Researchers from the Rowan University School of Osteopathic Medicine presented findings at the "2015 Hurricane Sandy Conference: Translating Research into Practice," showing that strong neighborhood relationships reduced the incidence of symptoms of post-traumatic stress disorder (PTSD) among older adults exposed to Hurricane Sandy, the superstorm that devastated the Northeast United States. The findings provide new information about how the neighborhoods where older adults live can be bolstered in the face of natural disasters. The study, led by Rachel Pruchno, PhD, the director of Research at the medical school's New Jersey Institute for Successful Aging, relied on unique data derived from pre- and post-hurricane interviews with thousands of older people living in the communities hardest hit by Hurricane Sandy.
"Because the social support of family and friends is critical to their well-being, older adults tend be disproportionally impacted by natural disasters," said Dr. Pruchno, who noted that older adults accounted for 65 percent of Sandy-related deaths. "When Sandy destroyed phone and internet access, cutting off older people from family and friends, neighbors became even more important. We found lower rates of PTSD and fewer depressive symptoms among older people who had stronger neighborhood connections."
Building on a panel (ORANJ BOWL -- Ongoing Research on Aging in New Jersey, Bettering Opportunities for Wellness in Life) of 5,688 people aged 50-74 when they were recruited in 2006, the Rowan study is rare in that it can compare both pre- and post-disaster information from thousands of individuals. Participants were interviewed before (2006 -- 2008) and after (2013 -- 2015) the storm, giving the researchers unique insight into those aspects of neighborhoods that promoted the resilience among older adults.
"Resilience is not just a function of an individual's characteristics, resources and exposure to disaster," Pruchno said. "Resilience is affected by the neighborhoods people lived in. Our evidence suggests that neighborhood characteristics account for sizeable variations in resilience and can enhance the quality of life of older adults and reduce their health care costs during natural disasters."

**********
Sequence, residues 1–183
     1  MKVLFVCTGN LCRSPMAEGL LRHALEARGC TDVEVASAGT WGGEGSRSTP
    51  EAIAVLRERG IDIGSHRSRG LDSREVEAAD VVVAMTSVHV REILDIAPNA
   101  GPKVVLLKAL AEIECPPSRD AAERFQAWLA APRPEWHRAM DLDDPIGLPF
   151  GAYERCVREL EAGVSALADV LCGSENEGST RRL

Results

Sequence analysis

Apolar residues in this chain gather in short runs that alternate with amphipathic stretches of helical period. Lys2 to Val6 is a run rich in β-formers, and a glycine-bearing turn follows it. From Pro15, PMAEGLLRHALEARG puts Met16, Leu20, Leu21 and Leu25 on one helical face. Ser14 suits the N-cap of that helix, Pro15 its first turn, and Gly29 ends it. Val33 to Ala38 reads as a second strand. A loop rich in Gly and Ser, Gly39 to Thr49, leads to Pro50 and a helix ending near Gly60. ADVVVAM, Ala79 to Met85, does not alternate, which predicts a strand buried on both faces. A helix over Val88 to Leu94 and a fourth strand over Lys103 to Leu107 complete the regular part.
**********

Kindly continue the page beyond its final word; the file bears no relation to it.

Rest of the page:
The study had three parts. First, a questionnaire asking about exposure to Hurricane Sandy, interactions with neighbors, and mental health was sent to all panelists. Second, qualitative interviews with 30 panelists experiencing major home damage, were completed. The third, ongoing component, involves a comparison of health care spending before and after the hurricane using Medicare data.
The "2015 Hurricane Sandy Conference: Translating Research into Practice," was jointly sponsored by the U.S. Department of Health and Human Services, the Assistant Secretary for Preparedness and Response, the U.S. Centers for Disease Control and Prevention, and the National Institutes of Health/National Institute of Environmental Health Sciences. The conference, held at New York University on August 10-11, brought together researchers who had received grants related to Hurricane Sandy from the federal agencies with members of impacted communities and public health and emergency preparedness practitioners. The conference provided a forum for sharing research results among the groups and for finding ways to translate research results into practices that can transform ongoing and future response and recovery efforts from natural disasters.
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